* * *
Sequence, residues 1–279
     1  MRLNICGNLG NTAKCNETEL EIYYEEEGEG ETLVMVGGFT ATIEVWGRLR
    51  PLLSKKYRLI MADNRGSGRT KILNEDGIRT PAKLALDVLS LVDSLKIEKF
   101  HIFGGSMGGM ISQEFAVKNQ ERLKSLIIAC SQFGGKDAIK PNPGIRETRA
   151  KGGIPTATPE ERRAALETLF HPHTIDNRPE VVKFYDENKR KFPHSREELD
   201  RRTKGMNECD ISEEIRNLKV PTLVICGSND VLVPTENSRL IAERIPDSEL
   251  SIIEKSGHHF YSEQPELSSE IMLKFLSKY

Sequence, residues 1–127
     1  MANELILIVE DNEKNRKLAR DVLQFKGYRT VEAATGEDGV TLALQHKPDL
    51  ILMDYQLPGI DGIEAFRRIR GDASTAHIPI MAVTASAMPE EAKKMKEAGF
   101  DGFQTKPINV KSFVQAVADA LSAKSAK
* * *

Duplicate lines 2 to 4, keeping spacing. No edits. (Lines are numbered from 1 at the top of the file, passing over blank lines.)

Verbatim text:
     1  MRLNICGNLG NTAKCNETEL EIYYEEEGEG ETLVMVGGFT ATIEVWGRLR
    51  PLLSKKYRLI MADNRGSGRT KILNEDGIRT PAKLALDVLS LVDSLKIEKF
   101  HIFGGSMGGM ISQEFAVKNQ ERLKSLIIAC SQFGGKDAIK PNPGIRETRA